The article I had read had enthused that the report “approaches the dog/human relationship as a two-way street” with half devoted the responsibilities and obligations of a dog owner. I was looking forward to that long-overdue balance in a paper on dogs and humans. And the report does address the dog’s needs … sort of. The “responsible dog ownership” portion of the report is very superficial and feels dated to me; it’s got a lot of the kind of info that appears in syndicated pet columns in newspapers. The discussion of nutrition, for example, talks about kibble or canned food, as if those are the only options — and as if all kibbles (or canned foods) are equivalent. In a very brief mention of supplementing with “home cooking,” we’re warned to thoroughly cook  “all meats, fish, and fowl.” Our understanding of canine nutrition has progressed very far beyond the basic treatment offered here. No mention of raw diets, for example. And, despite a thorough discussion of dog obesity, an (pardon the pun) enormous and growing problem, the report’s authors suggest “limiting” treats to 10 percent of food intake, or “about seven medium-size dog biscuits” for a 70-lb. Labrador. Seven biscuits a day? Just for existing? Not in my house!! (To be fair, they do mention the possibility of using carrots or apple slices as treats and suggest putting the treats into a Kong so the dog has to “work” for them.)

The lengthy section on exercising with your dog is pretty good and includes important information. I wish teaching a dog to heel on leash worked as described in the half-page sidebar, though. They make it sound so easy! And the list of suggested exercise activities is a bit odd — the expected walking, running, hiking, swimming (not together), agility, fetch — and skijoring? A half-page on skijoring? They are in Massachusetts, but even so … What about flyball, treibball, scent work, freestyle, Rally, dock diving … the list really could go on and on — and include activities that most readers have actually heard of.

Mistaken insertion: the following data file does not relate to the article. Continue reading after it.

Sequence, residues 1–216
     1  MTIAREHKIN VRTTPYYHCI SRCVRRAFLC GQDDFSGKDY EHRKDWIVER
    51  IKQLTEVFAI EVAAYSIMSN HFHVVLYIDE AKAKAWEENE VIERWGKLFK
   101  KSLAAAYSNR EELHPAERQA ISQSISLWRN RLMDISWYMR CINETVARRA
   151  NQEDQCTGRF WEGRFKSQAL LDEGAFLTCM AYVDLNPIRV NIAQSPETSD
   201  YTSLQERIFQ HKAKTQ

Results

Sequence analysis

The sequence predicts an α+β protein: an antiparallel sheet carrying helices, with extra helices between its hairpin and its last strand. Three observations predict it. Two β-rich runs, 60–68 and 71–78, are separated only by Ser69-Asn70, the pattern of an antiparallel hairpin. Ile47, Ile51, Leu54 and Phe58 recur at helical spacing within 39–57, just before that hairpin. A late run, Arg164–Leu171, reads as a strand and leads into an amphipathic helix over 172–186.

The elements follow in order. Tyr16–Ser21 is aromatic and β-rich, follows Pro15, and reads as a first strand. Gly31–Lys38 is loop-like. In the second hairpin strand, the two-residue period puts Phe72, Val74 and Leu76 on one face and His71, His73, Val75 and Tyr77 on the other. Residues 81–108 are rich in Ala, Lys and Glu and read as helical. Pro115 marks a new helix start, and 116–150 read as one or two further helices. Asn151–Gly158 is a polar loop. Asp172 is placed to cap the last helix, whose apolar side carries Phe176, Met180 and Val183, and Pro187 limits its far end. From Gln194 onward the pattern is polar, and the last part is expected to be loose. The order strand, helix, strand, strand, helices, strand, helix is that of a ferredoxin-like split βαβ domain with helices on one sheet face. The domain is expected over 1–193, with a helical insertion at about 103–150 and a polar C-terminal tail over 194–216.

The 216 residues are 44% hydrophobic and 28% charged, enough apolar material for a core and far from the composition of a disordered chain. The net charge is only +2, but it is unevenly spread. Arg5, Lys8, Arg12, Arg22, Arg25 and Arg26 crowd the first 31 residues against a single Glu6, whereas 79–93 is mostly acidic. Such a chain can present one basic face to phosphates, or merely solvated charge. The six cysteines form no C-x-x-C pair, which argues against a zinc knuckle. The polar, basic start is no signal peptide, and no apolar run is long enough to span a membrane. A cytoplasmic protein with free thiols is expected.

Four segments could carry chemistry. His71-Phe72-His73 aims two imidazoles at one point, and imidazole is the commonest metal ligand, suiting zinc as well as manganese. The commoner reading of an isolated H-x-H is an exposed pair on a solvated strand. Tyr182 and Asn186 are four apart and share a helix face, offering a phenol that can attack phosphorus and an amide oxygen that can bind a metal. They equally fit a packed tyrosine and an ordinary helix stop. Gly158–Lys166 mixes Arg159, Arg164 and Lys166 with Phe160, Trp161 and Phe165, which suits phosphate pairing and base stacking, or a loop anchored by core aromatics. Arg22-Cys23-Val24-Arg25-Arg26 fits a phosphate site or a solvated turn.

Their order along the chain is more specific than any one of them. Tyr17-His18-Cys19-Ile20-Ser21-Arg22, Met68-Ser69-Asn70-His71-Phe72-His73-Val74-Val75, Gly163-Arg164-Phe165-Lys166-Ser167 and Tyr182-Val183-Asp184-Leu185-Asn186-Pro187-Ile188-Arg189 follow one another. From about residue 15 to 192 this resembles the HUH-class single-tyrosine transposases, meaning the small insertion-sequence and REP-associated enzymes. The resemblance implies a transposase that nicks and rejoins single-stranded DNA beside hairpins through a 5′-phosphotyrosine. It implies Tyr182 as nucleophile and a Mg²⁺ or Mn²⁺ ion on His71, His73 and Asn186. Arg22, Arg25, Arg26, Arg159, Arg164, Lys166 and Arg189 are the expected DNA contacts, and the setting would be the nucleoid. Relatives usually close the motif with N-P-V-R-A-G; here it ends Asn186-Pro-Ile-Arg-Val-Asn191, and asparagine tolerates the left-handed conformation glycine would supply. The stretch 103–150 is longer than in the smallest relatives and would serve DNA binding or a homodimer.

I take considerable issue with the section titled “Raising a well-behaved dog.” The authors briefly mention Stanley Coren’s work and refer to a Hungarian fMRI study, but no mention is made of Gregory Berns’ fMRI studies or the groundbreaking work of Alexandra Horowitz and Brian Hare, who are among the top dog cognition experts in the world — in fact, not a single American academic dog expert is mentioned anywhere in the report. The report also neglects the dozens of non-academic dog experts who have plenty to say on how to raise a well-behaved dog, which this section does not address effectively at all.

Ostensibly about teaching manners, this section trots out the tired, dated, and absurd contention that “it’s now recognized a dog’s mind is comparable to that of a toddler between ages 2 and 3” (with no citation). Really? Recognized by whom? In what ways are they comparable? How many toddlers can guide visually impaired people (or themselves, for that matter) safely across the street or detect cancer or find a missing person? Surely Harvard Medical School researchers understand the illogic of comparing intelligence across species.

The paper concludes with a short and not comprehensive list of dog resources, primarily an odd collection of dog-related organizations, and a brief glossary (which defines skijoring but not service dog). I well understand the impossibility of compiling an exhaustive list of resources, but a better, more coherent list could easily be provided, as well as a list of the studies and books cited.

 

About Pam Hogle

Pam Hogle is a freelance writer and editor who focuses on dogs. Her Thinking Dog Blog (www.thinkingdogblog.com) looks at how dogs think and learn and encourages readers to challenge their dogs' minds as they improve their relationships with those dogs. Pam also teaches at the Bergin University of Canine Studies in Rohnert Park, California, an accredited university that focuses on the human-canine partnership. She lives in Petaluma, California with two thinking golden retrievers, Jana and Cali.
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One Response to Get Healthy, Get a Dog